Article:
We first met with an orthopedic surgeon about 25 weeks into my pregnancy. My OB had never seen a missing fib on ultrasound and couldn’t give us any information on our unborn baby. By the time we met with the orthopedics department at Lurie Children’s Hospital, I was already pretty versed in Fibular Hemimilia (thanks to Google, blogs, and a Facebook Support Group) and had even already met two little kids that also had it. I was certain it was what our babe had, but we wanted to hear it from a medical professional.
Dr. Michelle Sagan at Lurie’s confirmed after looking at our ultrasounds that baby Born was missing her fibula, her right tibia was measuring shorter than the left, and the right foot looked different than the left. She was surprised how much we already knew and gave us comforting words that our baby would be totally okay and that she would be able to walk, run, and have a normal childhood no matter how severe the case. She told us to just enjoy the rest of our pregnancy, plan for a normal delivery and life with a newborn and come see her once baby Born arrived so we could talk more specifically to her case.
On June 27th, 2015, Maely Gold Born absolutely surprised us when she arrived on my best friend’s wedding day and was a girl! She was born via cesarean because the little stinker was fully breeched. I held and loved on my babe for about an hour before I thought to look at her foot. Matt helped me unswaddle her and showed it to me. As soon as I saw her sweet malformed foot, I knew amputation was probably going to best for her. While that may seem sad for some to read, it was really a blessing that her treatment plan was so clear to us. I heard so many stories while pregnant about amputation vs lengthenings and we just prayed that when baby arrived, we would have a clear answer instead of feeling torn between options.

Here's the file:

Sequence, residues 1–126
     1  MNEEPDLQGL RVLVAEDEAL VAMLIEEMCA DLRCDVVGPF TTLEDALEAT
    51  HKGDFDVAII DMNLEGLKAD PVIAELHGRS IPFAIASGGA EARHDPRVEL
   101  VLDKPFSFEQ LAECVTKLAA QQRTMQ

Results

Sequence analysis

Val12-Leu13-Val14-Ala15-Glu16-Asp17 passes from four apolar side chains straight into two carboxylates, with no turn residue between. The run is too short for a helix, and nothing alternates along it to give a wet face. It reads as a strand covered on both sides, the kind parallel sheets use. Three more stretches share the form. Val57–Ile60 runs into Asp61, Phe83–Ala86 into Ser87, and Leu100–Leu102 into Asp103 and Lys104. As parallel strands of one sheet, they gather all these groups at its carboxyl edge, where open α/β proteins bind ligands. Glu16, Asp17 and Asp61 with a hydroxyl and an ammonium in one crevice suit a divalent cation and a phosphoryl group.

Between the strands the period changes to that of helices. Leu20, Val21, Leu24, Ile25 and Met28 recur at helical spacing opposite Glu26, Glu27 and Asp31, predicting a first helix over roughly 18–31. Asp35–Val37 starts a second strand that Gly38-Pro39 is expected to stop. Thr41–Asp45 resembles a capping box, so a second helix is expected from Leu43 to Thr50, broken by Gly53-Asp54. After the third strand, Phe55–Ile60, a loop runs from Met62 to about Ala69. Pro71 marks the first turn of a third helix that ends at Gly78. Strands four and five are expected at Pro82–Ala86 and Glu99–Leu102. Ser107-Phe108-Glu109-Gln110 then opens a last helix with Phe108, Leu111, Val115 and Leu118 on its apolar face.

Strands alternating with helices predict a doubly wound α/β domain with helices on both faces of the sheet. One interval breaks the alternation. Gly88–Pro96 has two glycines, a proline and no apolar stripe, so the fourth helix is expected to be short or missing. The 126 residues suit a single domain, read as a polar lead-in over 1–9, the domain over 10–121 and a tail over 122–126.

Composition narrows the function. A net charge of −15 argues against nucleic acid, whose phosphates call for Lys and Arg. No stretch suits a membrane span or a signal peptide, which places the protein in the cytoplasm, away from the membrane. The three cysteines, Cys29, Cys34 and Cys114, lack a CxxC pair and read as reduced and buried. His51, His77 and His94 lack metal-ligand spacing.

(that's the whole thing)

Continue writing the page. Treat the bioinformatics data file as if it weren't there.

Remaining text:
We met with three orthopedic surgeons (Luries and Shriners) in Chicago after she was born and all agree that her right foot and ankle structure will not be fully-functional for her and that she will succeed greatly with an amputation of her right foot below the heal pad and replaced with a prosthetic. There is no serious demand to do the surgery at any specific time. We could wait years, even until she was old enough to make the decision for herself, but we feel very confident that it is the right choice to make for her now. Little Gold won’t be held back by FH. She should hit all the typical milestones (and is) as any other newborn would. When she begins to pull herself up and is getting ready to walk, we will have her surgery. It will only be a few weeks after surgery that she will be able to get her first prosthetic and begin to walk.
We honestly feel so at peace with our treatment plan. We haven’t fully decided on our surgeon/hospital but we have two great options and can’t go wrong with either one. We are excited for all the possibilities Maely has and know she is going to amaze everyone around her.
God is with her; she will not fail.
Megan lives in Chicago with her little family of three. She loves Jesus, interior design, anything gold, and Pinot Noir.
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